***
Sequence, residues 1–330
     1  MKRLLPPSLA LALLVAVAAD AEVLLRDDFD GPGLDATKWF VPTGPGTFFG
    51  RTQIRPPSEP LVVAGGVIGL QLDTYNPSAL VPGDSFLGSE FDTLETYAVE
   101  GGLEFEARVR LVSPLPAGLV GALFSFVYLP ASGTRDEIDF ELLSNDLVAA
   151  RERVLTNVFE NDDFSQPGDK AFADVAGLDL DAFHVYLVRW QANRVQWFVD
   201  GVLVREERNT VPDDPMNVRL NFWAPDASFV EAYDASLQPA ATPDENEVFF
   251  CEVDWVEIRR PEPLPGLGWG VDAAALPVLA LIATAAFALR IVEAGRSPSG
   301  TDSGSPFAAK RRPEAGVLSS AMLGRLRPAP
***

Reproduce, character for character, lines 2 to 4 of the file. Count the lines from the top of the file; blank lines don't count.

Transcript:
     1  MKRLLPPSLA LALLVAVAAD AEVLLRDDFD GPGLDATKWF VPTGPGTFFG
    51  RTQIRPPSEP LVVAGGVIGL QLDTYNPSAL VPGDSFLGSE FDTLETYAVE
   101  GGLEFEARVR LVSPLPAGLV GALFSFVYLP ASGTRDEIDF ELLSNDLVAA